The drawback to this technique is that email addresses won’t always match up with other pieces of customer information, because people often have different emails—for example, one for business, one for social media accounts, one that they’d like to forget but just can’t bring themselves to delete— leaving you with a low match rate.

Another way of email marketing is to send out emails with a tracking pixel, which is then dropped into the recipient’s browser. Next time they browse the web, they’ll see your ads. Unfortunately, this technique doesn’t work with certain email services, such as Gmail… thanks for that Google.

Retargeting Platforms

Google ads are a must for any business. Retargeting, or remarketing (as Google calls it) on this biggest of search engine giants will allow you to time your remarketing campaigns so that previous site visitors are exposed to your ads while they’re in the process of searching for something similar to what you offer. You can also upload your email list to Google, and ads will be targeted to these specific users as they browse the web. Considering that Google’s market share of search queries is around 95%, retargeting on Google specifically should be a no brainer.

Another form of retargeting involves social media.

Facebook Retargeting

Facebook is a great place to run ads because you can make your campaigns super focused—then take the data and focus them even more. With retargeting, all you need to do is install the Facebook Pixel on your site, and you’re good to go. Retargeting on Facebook can be incredibly effective because it has over 2 billion users who are frequently on there, or at least engage with it periodically throughout the day.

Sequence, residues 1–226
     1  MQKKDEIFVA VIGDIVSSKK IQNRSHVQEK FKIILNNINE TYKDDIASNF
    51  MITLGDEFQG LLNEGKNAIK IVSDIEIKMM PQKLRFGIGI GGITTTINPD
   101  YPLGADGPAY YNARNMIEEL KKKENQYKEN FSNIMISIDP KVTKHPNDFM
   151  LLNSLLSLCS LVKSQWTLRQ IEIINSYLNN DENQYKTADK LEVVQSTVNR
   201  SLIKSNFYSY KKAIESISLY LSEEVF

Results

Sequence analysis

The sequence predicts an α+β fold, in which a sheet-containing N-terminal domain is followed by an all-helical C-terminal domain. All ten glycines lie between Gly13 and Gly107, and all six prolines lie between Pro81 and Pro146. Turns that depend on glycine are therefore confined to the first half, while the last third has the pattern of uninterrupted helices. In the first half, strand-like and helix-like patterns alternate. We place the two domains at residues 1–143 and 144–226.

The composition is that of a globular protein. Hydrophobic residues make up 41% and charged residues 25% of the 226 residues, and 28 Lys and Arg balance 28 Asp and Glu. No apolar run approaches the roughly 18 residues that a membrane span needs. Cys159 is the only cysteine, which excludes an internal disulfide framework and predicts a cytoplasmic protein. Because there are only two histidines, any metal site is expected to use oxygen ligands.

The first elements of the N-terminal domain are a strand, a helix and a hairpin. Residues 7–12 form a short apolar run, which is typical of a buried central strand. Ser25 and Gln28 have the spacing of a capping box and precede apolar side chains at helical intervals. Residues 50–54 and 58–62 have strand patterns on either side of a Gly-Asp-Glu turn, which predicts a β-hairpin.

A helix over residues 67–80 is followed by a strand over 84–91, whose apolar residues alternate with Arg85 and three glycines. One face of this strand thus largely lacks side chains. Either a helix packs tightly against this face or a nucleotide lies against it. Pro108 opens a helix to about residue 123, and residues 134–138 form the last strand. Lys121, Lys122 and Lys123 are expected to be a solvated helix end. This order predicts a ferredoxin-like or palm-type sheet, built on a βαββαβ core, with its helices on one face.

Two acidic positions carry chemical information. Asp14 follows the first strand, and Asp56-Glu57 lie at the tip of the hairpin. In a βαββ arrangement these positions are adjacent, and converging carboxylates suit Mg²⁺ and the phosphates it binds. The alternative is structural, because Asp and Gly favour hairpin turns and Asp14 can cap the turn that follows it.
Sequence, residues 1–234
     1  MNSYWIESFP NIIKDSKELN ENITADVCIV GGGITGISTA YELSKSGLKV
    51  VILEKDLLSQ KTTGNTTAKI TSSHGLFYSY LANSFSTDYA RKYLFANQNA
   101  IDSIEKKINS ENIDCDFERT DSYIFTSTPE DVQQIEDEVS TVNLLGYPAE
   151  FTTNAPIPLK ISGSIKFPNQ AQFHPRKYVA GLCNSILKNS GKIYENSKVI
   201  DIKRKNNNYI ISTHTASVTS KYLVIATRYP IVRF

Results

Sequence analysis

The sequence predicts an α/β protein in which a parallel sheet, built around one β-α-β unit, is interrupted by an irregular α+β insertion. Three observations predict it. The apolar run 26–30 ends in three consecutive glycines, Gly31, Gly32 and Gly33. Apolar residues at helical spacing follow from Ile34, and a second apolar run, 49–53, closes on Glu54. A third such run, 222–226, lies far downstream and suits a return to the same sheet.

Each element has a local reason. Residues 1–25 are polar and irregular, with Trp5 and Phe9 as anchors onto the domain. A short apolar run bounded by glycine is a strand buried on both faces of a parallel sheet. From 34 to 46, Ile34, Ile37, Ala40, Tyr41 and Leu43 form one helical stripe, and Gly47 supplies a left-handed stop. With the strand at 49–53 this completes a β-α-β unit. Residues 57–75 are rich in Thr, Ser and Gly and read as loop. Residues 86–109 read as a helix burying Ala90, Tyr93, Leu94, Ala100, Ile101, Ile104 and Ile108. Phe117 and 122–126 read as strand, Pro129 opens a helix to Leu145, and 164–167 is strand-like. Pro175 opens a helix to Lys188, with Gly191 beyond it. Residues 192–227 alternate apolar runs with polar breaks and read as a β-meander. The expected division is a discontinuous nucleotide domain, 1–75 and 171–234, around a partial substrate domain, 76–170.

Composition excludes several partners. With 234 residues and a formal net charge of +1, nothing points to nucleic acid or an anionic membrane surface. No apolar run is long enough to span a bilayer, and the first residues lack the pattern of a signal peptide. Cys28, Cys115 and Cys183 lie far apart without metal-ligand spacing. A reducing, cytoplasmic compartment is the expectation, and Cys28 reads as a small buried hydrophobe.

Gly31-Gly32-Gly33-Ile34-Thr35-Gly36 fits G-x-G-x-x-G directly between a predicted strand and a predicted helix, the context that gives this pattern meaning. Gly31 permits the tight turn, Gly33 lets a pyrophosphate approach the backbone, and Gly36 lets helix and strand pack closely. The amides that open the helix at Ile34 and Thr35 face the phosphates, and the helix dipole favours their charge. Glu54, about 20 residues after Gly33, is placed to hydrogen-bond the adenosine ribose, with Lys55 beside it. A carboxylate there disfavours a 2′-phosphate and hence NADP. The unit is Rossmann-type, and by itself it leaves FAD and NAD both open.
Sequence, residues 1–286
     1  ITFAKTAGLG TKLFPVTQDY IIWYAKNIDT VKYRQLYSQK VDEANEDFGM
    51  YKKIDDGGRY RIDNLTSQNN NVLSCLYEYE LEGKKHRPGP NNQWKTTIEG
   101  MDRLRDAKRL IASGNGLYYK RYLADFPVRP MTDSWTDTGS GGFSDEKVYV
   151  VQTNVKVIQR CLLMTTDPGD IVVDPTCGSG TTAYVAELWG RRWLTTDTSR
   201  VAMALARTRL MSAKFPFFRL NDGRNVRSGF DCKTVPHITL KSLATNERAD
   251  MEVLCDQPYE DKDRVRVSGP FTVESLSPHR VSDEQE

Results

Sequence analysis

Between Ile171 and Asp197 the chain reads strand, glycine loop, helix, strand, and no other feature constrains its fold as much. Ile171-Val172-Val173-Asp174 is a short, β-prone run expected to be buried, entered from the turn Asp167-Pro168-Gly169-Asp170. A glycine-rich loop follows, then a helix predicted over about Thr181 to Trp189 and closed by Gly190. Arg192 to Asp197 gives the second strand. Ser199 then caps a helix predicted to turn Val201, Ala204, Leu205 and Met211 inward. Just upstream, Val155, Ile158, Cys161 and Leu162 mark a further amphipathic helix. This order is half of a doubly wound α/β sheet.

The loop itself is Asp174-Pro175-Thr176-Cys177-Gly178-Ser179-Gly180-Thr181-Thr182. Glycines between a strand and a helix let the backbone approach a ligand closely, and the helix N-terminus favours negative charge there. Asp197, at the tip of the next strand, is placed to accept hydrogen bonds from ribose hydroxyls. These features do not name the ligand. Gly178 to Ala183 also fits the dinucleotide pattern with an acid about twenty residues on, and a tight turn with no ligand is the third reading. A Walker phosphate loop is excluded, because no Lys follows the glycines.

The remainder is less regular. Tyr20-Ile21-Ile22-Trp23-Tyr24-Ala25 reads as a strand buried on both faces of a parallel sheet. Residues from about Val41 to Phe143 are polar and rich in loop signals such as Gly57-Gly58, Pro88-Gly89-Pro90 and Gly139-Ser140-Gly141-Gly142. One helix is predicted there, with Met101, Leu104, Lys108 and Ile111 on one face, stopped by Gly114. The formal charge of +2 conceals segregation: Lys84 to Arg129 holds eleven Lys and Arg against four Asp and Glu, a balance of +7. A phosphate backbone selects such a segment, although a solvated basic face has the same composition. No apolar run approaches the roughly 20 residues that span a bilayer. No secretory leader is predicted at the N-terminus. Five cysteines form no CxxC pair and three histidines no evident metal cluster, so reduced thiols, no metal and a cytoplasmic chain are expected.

If you upload your product catalog to your Facebook ads account, your retargeting campaign can dynamically show browsers items they abandoned in their cart. Facebook also lets you get super pinpointed with who sees your ads, such as including visitors who hesitated to buy within the last seven days and excluding those who have already purchased something in the last month.  

Instagram Retargeting

Instagram is another platform where you can conduct effective retargeting campaigns, thanks to Facebook (which owns Instagram). You can use Facebook to create a custom audience of people who have viewed a portion of your Instagram videos, whether that’s 3 seconds, 10 seconds, or 95% of the video. You can retarget to Instagrammers (yes, that’s a noun) who have opened your lead generation forms on Instagram, even if they didn’t fill them out. 

You can retarget anyone who has engaged with your Instagram profile, whether that means liking a post or sending you a message. Instagram is a highly visual platform that’s a simple one-column arrangement—users can really only look at one post at a time, effectively—is excellent for getting focused attention on your retargeting ads.